Among many other things, the just-published first volume of Niall Ferguson’s biography of Henry Kissinger sheds light on the former secretary of state’s youthful relationship with Jews and Judaism. Andrew Roberts writes in his review:
Ferguson has had access to every part of Kissinger’s vast archive at the Library of Congress. . . . These include a heartfelt essay on “The Eternal Jew” written by the twenty-two-year-old German-born Sergeant Kissinger after witnessing the liberation of a Nazi concentration camp; some loving but uncompromising letters to his parents about his separation from their Orthodox faith; a jejune and somewhat cringe-making teenage note to a would-be girlfriend; and the minutes he took as secretary of a Jewish youth organization to which he belonged as the Nazis were seizing power in his homeland. . . .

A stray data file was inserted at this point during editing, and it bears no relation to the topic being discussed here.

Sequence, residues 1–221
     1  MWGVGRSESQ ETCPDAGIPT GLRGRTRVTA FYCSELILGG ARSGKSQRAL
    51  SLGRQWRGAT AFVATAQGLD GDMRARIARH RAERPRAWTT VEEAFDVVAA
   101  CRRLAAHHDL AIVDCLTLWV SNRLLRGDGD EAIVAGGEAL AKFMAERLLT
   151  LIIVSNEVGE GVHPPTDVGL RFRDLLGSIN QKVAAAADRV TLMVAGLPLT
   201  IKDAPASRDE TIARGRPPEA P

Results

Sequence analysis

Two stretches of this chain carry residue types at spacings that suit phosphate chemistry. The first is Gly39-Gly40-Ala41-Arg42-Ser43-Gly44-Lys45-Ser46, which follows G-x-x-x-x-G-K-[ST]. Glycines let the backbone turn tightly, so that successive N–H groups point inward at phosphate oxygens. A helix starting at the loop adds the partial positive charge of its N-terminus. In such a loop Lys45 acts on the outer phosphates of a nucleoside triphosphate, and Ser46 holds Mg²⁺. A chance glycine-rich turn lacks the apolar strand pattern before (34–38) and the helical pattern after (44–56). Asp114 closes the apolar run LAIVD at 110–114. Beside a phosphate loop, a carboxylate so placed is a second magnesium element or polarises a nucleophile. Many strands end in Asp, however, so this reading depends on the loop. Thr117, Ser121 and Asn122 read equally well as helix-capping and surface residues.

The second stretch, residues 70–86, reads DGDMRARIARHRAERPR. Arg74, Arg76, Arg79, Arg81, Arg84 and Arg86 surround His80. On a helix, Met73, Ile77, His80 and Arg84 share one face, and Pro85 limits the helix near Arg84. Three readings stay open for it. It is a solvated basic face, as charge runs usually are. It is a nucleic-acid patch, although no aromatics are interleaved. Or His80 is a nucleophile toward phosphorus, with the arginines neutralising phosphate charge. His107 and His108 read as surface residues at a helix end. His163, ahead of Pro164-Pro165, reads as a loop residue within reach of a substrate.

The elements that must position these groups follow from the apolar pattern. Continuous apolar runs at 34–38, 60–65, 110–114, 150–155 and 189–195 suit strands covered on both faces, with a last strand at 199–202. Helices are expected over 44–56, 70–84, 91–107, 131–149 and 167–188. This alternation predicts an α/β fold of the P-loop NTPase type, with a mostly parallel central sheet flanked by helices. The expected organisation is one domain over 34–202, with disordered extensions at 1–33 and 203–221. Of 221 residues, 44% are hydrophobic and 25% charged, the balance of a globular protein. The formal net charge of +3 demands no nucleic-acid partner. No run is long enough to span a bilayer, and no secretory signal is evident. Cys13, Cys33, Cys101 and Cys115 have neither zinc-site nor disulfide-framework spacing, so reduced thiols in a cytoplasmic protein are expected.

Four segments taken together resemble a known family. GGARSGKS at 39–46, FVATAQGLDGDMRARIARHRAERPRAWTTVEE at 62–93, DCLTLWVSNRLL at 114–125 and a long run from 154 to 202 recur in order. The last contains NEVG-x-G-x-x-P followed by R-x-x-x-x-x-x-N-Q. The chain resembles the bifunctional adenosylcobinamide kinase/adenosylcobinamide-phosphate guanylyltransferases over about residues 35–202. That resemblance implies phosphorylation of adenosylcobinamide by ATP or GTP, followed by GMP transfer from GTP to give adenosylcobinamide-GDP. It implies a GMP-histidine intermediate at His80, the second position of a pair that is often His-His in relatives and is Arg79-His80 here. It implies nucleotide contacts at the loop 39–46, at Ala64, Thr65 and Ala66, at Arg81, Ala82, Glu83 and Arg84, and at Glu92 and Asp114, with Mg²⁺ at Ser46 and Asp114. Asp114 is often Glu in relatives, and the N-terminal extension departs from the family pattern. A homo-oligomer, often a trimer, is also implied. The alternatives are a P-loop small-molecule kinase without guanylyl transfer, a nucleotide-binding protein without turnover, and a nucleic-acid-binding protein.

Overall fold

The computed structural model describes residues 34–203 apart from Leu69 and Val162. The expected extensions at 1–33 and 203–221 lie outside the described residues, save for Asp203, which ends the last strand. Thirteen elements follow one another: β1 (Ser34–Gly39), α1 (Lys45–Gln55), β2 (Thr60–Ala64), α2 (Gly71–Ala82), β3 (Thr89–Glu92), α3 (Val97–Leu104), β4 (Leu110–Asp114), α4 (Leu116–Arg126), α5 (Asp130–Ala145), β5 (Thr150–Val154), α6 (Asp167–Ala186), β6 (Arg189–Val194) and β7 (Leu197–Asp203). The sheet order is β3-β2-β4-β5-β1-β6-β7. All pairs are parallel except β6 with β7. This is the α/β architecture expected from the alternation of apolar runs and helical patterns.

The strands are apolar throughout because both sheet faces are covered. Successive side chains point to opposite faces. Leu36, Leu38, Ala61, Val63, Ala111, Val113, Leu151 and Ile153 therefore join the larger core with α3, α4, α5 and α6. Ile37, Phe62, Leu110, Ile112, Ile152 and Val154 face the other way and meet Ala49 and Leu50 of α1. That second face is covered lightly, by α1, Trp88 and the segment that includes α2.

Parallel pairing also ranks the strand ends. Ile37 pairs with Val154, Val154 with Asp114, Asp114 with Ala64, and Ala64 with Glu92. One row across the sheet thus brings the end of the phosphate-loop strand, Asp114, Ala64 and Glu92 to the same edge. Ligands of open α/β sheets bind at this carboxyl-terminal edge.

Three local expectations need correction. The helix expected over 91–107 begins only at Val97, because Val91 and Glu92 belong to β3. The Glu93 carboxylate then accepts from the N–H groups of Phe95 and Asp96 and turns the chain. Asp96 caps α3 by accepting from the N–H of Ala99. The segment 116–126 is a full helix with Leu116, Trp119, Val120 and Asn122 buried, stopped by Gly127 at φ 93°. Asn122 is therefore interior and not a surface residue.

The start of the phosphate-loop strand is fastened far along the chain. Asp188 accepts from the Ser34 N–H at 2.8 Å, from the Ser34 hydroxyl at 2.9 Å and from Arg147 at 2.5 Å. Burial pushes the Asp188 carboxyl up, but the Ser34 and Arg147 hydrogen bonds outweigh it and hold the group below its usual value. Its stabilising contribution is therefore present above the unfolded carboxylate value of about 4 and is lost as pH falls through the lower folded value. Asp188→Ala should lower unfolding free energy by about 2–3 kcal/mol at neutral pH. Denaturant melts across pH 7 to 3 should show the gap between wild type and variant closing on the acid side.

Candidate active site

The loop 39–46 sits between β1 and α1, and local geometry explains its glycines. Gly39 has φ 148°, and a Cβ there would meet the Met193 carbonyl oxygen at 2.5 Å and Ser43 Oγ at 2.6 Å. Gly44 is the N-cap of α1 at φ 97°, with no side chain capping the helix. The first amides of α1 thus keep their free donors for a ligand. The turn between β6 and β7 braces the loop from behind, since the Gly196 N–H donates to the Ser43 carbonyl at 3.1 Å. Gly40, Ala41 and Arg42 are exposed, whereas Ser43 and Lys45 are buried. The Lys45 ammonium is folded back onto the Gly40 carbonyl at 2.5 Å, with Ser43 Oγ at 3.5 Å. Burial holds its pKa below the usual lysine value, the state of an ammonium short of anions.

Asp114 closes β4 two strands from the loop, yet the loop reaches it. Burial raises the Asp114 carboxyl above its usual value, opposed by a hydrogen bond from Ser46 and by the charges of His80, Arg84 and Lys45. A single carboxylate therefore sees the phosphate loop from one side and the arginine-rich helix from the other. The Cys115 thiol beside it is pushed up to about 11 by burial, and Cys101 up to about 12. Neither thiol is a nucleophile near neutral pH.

Ferguson gives the full story of the Kissinger family’s experience under the Third Reich before they emigrated in 1938, and Ferguson has identified at least 23 close family members who perished in the Holocaust. . . . The first chapters covering the Kissingers’ life in the late 1930s and early 1940s in the Washington Heights neighborhood of New York recapture the Jewish immigrant experience superbly and put into perspective the fact that Henry (born Heinz) became the first foreign-born United States citizen to serve as secretary of state.